One size does not fit all.
Peahi Farms, an oceanfront project on the North Shore, took a different approach. Limited to 16 lots for their 240 acres, they made lot 16 have 160 acres of farmland so the project could generate its own power, grow its own food, even some building materials. Because of permitting delays, this project missed the market, but it did set a standard for thinking sustainably. It is a model worth duplicating.
Another developer with an Oregon track record, Zack Franks, proposes a health/retirement community outside of Makawao. Recognizing that as people age they need less space and more care, his project would accommodate seniors who want to stay fit, those who need some home care and, finally, those needing intensive care. This model has succeeded throughout the South and Southwest. Maui would be an attractive destination for elders seeking warmth and care. This type of project would create jobs for our many gifted healers and young people who want to stay close to home.
We have to recognize that corporations can’t “think local” and that if we are to survive, we have to think differently. We need to use imagination and creativity to engage our kupunas, our local farmers, our youth and our leaders—all of us—to make dramatic changes in how we operate.
Developers want to build hundreds of new projects. Show me the water, the food supply, the buyers for these houses, the jobs where people will work. I imagine a green rating system where the Planning Commission gives preference to projects that score the highest. My dream project would have a farm in the middle or on the border; it would supply food to the families that live there, including nursery starts for backyard gardens. A permaculture master plan would help preserve soil, minimize runoff, plant shade and fruit-bearing trees throughout. Micro-power would power the homes: small wind turbines, solar water and PV panels on the roof, with energy-efficient appliances required. Greenways would encourage gardening, walking and biking throughout the project. This is not far-fetched. I know some of our developers are thinking along these lines.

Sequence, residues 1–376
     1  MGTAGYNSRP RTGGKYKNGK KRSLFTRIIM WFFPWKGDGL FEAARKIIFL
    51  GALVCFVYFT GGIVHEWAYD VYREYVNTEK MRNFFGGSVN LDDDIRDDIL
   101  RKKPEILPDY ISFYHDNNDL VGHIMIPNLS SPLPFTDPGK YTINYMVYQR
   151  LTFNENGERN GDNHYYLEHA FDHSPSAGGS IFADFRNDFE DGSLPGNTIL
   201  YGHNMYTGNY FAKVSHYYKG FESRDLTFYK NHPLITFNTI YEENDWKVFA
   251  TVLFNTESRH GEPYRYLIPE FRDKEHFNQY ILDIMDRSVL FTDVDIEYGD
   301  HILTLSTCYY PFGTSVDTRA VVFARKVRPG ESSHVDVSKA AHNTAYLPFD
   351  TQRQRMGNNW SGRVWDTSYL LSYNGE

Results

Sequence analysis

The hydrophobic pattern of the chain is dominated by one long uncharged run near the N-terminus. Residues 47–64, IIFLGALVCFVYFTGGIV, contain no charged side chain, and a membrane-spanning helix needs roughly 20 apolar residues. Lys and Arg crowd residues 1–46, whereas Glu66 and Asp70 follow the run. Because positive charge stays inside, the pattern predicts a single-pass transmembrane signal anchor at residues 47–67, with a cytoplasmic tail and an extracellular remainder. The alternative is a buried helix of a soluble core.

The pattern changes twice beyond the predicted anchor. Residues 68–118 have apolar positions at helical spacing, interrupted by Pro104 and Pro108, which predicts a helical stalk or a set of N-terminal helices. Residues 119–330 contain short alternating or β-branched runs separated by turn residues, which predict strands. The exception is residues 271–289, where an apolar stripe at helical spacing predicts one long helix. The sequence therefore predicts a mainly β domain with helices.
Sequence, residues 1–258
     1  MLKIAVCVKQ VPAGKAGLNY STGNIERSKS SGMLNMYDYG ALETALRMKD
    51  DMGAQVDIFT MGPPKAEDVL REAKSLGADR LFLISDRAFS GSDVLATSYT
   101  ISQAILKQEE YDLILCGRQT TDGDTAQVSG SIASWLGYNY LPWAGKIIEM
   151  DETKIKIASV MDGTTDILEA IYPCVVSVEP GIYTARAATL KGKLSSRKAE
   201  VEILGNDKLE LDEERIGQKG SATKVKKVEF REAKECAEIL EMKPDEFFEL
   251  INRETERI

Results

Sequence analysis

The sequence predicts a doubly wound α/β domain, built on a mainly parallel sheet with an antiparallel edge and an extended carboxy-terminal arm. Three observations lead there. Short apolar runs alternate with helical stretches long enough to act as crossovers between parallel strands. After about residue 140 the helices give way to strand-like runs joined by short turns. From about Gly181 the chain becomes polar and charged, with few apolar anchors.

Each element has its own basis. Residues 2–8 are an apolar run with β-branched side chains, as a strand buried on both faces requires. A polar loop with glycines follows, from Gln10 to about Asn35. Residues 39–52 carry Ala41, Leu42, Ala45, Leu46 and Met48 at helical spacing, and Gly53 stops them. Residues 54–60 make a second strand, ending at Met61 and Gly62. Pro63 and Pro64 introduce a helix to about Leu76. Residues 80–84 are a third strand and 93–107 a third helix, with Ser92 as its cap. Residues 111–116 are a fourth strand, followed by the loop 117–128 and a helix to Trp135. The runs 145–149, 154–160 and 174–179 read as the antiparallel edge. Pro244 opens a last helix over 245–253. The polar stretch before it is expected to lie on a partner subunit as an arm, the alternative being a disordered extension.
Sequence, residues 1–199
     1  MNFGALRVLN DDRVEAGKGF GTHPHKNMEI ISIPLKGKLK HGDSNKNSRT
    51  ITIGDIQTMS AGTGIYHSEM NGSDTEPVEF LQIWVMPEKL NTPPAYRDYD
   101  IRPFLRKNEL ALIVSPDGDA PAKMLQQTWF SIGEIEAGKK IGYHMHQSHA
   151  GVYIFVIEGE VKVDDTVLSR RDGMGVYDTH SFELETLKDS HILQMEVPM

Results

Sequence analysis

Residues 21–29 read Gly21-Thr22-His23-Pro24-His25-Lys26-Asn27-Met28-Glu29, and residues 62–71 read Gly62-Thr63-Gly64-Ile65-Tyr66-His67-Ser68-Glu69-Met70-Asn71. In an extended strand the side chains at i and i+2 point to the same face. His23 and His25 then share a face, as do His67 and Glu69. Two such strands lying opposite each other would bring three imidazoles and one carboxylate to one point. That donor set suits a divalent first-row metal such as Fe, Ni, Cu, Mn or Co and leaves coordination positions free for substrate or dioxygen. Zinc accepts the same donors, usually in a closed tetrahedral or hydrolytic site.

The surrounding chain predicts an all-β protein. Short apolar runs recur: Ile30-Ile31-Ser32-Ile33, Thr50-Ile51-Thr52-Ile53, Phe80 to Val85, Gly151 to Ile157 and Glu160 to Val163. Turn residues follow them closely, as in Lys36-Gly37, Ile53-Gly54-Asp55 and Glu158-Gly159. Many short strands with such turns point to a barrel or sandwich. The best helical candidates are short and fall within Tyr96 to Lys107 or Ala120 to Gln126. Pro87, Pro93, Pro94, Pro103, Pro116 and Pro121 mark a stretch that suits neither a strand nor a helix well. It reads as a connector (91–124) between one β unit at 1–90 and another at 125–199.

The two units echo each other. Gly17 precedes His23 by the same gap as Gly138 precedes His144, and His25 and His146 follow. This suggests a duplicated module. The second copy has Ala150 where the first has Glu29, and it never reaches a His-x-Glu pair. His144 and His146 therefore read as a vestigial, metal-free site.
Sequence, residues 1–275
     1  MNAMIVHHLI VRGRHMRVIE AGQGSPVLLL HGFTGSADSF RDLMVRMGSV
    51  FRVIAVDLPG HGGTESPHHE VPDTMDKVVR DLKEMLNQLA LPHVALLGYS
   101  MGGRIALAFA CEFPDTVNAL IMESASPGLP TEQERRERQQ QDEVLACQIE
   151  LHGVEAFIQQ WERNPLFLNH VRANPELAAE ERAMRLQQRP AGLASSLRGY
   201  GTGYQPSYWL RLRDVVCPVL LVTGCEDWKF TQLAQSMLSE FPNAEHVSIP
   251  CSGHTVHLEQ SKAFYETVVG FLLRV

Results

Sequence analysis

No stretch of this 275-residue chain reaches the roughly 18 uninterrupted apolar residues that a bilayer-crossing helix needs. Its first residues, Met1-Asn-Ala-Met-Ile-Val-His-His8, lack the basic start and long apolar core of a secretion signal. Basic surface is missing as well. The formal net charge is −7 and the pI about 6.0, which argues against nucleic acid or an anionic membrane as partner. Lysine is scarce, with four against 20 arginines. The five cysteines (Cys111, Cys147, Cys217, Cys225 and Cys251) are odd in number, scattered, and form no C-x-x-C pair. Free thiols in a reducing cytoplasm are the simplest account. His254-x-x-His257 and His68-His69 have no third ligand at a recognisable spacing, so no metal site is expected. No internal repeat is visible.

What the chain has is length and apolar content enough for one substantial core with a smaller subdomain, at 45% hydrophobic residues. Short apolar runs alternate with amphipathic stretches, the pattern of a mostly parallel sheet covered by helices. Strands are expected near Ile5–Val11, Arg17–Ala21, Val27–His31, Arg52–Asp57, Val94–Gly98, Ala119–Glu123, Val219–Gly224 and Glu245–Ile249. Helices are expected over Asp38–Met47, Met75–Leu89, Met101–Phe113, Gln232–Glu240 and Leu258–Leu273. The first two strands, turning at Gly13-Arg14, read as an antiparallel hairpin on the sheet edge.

Harry Kim, the former mayor of the Big Island, got it right when he said that he didn’t just want his island to be a great visitor destination, he wanted it be a great place to live. Let’s get back to our plows, let’s work to make Maui’s soil healthy again, let’s clean up our water and air, let’s focus on feeding ourselves, keeping our food, fuel and fiber dollars here at home, working for us. Then we won’t have to keep praying to our ancestors to send gifts—we will have produced our own. Maui Time Weekly, Mark Sheehan